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Re: [lwip-users] Custom memory management

From: address@hidden
Subject: Re: [lwip-users] Custom memory management
Date: Thu, 06 Oct 2011 17:42:56 +0200
User-agent: Mozilla/5.0 (Macintosh; Intel Mac OS X 10.6; rv:7.0.1) Gecko/20110929 Thunderbird/7.0.1

First, please *don't* CC me, I'm getting mails twice that way!

Mason wrote:
I've defined a new struct packet_info_t which stores a pbuf
(for lwip) and an OS descriptor.

typedef struct { struct pbuf_custom pbuf; ethernet_async_t desc; } packet_info_t;
Where's the actual memory (i.e. p->payload) in this structure?

And when lwip wants to free the custom pbuf, it calls my
custom function. Seems to work OK. What is the problem
with this strategy?
First, said that it doesn't work (yet) with PBUF_REF but you're using PBUF_RAM.

Second, the code assumes that for a PBUF_RAM, the payload directly follows the struct pbuf. This is important when pbuf_header should make room for more headers in the pbuf. However, that's not used often on RX pbufs (I think it's only really used when answering ping packets), so this might work OK for you (even if it's not strictly correct for the above reasons).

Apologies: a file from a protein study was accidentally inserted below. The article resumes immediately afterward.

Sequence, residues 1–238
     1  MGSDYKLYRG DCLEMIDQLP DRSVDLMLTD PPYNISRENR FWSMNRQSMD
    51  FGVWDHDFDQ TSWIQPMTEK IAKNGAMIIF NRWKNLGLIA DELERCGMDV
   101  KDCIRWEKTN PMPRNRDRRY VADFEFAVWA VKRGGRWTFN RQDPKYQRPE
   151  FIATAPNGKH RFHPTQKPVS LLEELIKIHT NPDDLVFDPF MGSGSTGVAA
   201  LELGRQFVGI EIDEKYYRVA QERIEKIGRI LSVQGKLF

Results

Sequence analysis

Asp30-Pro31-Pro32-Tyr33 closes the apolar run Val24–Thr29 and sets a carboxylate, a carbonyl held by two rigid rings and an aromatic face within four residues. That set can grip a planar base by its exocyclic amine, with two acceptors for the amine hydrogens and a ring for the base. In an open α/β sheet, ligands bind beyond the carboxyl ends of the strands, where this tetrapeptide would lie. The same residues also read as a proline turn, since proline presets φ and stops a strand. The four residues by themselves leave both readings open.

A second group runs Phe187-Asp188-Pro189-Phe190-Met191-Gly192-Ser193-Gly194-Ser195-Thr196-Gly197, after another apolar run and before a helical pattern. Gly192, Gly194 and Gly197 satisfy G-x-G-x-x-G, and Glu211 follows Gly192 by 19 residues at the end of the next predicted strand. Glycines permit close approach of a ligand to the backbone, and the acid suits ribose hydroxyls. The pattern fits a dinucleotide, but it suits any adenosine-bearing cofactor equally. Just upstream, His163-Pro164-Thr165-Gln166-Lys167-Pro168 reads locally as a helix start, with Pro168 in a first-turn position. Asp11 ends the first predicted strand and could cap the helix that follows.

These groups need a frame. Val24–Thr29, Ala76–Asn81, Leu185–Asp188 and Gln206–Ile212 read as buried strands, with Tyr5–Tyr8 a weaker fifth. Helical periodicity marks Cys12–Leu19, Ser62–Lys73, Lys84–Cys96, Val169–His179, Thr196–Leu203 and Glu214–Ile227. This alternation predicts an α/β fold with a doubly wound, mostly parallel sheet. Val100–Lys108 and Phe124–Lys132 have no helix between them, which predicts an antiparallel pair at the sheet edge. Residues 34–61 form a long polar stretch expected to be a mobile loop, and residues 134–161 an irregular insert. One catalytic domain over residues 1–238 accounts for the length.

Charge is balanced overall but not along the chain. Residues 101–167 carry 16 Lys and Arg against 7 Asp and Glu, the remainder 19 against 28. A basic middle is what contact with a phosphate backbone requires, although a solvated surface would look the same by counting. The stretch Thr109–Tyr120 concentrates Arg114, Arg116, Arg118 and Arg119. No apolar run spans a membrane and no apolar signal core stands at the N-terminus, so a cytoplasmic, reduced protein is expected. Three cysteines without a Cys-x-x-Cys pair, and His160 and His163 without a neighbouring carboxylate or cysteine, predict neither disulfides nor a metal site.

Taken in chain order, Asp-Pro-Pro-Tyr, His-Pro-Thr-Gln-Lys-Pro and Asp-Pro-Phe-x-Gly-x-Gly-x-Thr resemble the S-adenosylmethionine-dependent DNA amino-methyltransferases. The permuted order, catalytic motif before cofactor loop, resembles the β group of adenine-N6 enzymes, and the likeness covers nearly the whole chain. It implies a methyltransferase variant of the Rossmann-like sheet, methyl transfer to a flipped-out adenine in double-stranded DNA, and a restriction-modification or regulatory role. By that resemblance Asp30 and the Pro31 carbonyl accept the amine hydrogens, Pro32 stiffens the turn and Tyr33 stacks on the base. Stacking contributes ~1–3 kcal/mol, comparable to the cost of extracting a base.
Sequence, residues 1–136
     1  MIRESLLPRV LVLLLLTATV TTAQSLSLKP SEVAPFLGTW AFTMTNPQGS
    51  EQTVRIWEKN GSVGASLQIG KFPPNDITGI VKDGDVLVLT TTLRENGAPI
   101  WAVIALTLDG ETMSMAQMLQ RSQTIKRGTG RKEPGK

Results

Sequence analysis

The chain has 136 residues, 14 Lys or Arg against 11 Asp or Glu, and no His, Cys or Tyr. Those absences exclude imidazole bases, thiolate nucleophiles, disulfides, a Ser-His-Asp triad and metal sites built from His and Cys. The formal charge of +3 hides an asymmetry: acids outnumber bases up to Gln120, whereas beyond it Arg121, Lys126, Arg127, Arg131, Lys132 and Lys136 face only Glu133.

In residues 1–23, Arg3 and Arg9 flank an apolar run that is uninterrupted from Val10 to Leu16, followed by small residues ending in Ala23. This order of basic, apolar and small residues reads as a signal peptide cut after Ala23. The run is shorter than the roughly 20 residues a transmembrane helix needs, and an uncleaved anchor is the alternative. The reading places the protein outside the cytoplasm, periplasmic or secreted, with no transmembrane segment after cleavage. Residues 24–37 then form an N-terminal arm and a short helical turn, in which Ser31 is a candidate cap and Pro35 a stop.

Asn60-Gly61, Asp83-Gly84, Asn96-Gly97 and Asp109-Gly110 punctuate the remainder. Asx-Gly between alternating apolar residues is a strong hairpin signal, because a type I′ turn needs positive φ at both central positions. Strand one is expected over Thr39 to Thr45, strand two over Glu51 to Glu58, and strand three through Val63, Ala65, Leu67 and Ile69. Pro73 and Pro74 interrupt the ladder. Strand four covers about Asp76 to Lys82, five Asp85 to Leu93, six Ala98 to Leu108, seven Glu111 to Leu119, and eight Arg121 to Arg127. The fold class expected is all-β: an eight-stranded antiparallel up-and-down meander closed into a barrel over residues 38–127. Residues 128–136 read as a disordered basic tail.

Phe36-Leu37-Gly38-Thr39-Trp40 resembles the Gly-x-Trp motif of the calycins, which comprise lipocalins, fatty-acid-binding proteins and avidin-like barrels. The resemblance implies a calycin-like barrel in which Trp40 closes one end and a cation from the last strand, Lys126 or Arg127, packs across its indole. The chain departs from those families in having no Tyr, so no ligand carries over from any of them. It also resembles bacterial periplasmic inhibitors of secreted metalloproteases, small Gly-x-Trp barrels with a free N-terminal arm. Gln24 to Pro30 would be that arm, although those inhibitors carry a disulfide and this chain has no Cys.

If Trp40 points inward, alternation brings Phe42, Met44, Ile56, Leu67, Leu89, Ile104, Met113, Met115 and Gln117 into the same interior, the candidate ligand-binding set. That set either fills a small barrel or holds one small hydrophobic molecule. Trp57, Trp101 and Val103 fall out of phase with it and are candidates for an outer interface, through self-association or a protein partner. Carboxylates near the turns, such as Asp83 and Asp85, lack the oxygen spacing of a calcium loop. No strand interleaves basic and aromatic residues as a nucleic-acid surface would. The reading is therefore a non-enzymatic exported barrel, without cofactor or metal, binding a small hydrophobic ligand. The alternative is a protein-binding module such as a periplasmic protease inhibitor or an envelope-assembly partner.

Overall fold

As to the TX side: normally, TX pbufs are allocated as PBUF_RAM, the 
memory for that is taken from the heap by calling mem_malloc(). Now the 
simple solution would be to just replace mem.c by your own code 
allocating and freeing from your TX pool: with the correct settings, 
mem_malloc() isn't used for anything else but PBUF_RAM pbufs. The only 
problem might be that you don't know in advance how big the memory 
blocks are (and thus how big your TX buffer entries should be), but by 
using TCP_OVERSIZE, you can just use the maximum ethernet frame size (if 
you don't mind wasting some RAM for smaller packets).
RX and TX buffers are large enough to store a full-sized
Ethernet frame, i.e. MAX_FRAME_SIZE is defined to 1536
(for alignment reasons).

However, I was trying to make the port as clean as possible
by making as few modifications inside lwip as possible.
After looking at the code, the cleaner solution is to define MEM_LIBC_MALLOC to 1 and then define mem_malloc (etc.) to your own functions (see mem.h in the upper half).


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